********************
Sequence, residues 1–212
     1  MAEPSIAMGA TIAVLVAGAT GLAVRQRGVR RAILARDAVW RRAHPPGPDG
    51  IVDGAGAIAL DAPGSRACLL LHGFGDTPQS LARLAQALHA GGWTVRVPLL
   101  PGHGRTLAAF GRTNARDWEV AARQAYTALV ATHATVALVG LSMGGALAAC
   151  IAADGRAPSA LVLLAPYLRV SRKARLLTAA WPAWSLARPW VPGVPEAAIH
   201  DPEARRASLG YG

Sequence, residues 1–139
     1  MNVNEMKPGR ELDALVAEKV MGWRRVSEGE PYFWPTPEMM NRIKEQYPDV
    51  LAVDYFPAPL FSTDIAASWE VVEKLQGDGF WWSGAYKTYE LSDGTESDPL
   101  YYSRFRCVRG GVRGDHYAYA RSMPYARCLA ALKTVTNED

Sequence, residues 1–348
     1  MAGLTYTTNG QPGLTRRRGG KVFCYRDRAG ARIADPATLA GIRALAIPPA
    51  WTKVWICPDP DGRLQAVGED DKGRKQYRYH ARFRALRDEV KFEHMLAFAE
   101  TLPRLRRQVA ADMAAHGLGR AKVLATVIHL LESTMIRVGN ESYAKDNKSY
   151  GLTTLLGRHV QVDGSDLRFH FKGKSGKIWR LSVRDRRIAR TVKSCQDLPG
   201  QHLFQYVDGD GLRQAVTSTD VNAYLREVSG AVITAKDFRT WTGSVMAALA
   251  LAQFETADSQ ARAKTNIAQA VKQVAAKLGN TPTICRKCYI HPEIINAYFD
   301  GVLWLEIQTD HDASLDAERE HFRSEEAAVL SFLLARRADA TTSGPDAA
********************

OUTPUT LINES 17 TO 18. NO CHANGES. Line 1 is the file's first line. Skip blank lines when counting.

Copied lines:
   251  LAQFETADSQ ARAKTNIAQA VKQVAAKLGN TPTICRKCYI HPEIINAYFD
   301  GVLWLEIQTD HDASLDAERE HFRSEEAAVL SFLLARRADA TTSGPDAA